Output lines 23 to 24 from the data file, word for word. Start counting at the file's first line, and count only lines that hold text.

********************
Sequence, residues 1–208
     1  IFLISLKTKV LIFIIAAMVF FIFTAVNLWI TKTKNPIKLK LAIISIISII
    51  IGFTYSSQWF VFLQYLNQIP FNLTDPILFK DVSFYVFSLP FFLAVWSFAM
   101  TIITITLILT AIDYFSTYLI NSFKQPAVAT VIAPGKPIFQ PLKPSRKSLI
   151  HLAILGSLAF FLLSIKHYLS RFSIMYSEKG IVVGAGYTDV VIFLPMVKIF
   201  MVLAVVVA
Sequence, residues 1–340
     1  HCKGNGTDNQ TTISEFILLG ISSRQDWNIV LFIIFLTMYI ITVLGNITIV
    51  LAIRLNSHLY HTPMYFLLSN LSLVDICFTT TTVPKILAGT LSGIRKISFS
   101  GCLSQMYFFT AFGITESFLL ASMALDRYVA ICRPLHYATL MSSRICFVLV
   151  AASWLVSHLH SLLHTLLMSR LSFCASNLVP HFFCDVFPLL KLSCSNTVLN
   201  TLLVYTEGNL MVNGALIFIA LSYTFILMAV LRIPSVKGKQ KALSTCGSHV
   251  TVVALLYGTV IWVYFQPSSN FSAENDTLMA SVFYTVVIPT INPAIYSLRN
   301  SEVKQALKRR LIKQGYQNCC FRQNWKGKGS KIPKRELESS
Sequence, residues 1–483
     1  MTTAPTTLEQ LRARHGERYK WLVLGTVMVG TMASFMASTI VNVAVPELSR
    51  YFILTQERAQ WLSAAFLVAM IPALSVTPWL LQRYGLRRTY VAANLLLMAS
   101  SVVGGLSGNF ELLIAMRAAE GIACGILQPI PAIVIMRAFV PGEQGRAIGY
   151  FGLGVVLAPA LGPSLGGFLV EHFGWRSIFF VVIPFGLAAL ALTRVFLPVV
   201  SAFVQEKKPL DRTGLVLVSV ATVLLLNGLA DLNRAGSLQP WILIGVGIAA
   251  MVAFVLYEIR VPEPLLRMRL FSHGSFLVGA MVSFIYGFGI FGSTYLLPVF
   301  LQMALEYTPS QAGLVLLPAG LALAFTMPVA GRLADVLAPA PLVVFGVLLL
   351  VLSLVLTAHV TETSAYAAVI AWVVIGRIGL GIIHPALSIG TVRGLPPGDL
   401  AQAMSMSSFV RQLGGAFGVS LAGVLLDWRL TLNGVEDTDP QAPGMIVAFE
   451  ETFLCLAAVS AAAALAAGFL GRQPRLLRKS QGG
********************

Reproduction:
   351  VLSLVLTAHV TETSAYAAVI AWVVIGRIGL GIIHPALSIG TVRGLPPGDL
   401  AQAMSMSSFV RQLGGAFGVS LAGVLLDWRL TLNGVEDTDP QAPGMIVAFE